Criticism can be more likely than recognition at times. And as I said above, recognition is usually for doing something out of the ordinary and beyond your usual job or role.  You can work hard and contribute greatly, but if thats what you normally do it goes unrecognised!

Get in the habit of being pleased when you have done a good job – be it at home, school, work, wherever. Don’t find fault, find strengths. If you have perfectionist tendencies start chipping away at your unrealistic aspirations. Treat yourself as you would a friend – give yourself praise for doing a good job, rather than waiting for things to be perfect.

Saying thank you to others is also something that can indirectly improve our self confidebce and self esteem. This is osmething we should get in the habit of doing naturally, and not allow it to become a forced or “corporate” led activity. Giving positive feedback should come naturally, being aware you are helping others through what you say is a nice side effect of saying “thank you“.

Photos by davierae and  psd on Flickr

Rick Falls February 22, 2009 at 6:16 pm

Hi David,
Excellent post.

I am practicing celebrating the good thing (and only the good things)
with everyone I come in contact with. Even when someone blazes a shot
past me and I lose the point in a “big boy” tennis game I say “great shot”.

Helping others have higher thoughts of themselves through our sincere
compliments is a good way to feel better vibrations about ourselves as well.

Keep up the good work providing this is very needed information.

Thanks again, Rick

channel marketing February 23, 2009 at 5:24 pm

I love how praise means more to people than monetary reward (for the majority of people I come in contact with). I do have perfectionist tendencies but I’m getting better at valuing what I do even it is not nearly perfect. I also really liked the part at the end about thanking someone who compliments / recognizes you. In my experiences, not only does this make the person recognizing you feel good, it makes the person being complimented feel an extra boost of accomplishment and utility.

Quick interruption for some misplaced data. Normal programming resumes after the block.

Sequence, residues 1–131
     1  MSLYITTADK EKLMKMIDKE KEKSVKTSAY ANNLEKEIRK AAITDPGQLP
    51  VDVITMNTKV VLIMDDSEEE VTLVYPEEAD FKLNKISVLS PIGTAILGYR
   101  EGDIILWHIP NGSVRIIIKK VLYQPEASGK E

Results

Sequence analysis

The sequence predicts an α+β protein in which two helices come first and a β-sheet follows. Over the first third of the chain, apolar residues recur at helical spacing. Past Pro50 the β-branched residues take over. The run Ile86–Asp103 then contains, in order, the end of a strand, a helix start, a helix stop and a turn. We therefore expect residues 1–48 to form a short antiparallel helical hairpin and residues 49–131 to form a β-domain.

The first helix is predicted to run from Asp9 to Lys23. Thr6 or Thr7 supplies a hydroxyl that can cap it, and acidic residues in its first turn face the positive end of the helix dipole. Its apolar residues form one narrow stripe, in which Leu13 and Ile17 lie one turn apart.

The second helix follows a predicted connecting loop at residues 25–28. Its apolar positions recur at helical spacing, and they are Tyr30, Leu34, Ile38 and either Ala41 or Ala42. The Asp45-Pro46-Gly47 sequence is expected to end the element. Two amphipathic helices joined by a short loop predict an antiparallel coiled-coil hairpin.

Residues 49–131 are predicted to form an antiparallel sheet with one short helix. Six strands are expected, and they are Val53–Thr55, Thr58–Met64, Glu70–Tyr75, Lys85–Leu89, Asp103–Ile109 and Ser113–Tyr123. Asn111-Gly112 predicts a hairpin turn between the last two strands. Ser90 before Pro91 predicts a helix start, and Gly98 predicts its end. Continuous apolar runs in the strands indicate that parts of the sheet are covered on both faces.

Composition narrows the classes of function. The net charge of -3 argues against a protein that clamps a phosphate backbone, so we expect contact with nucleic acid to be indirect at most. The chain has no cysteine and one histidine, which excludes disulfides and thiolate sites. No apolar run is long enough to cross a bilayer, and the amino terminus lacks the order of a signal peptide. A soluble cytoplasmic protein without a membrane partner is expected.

yes, but still.. February 24, 2009 at 9:13 am

@channel marketing

You raise an interesting point: Social rewards are more powerful than monetary rewards in many cases. It’s a perfect example of why one should praise those who deserve it.

yes, but still..s last blog post..Life optimization weekly tip #5: The power of 10 minutes

David February 24, 2009 at 9:24 pm

Thank you all for your comments. I have read somewhere that research has shown that people do rate praise above monetary reward, although thats a fairly broad statement

Chicago prostate cancer February 27, 2009 at 7:37 pm

I agree. Getting a ‘thank you’ is just as nice as getting a paycheck. The only problem is that the thank you’s don’t pay rent. We should do things not because we want recognition but because we are either passionate about them or because it is the right thing to do. Regards!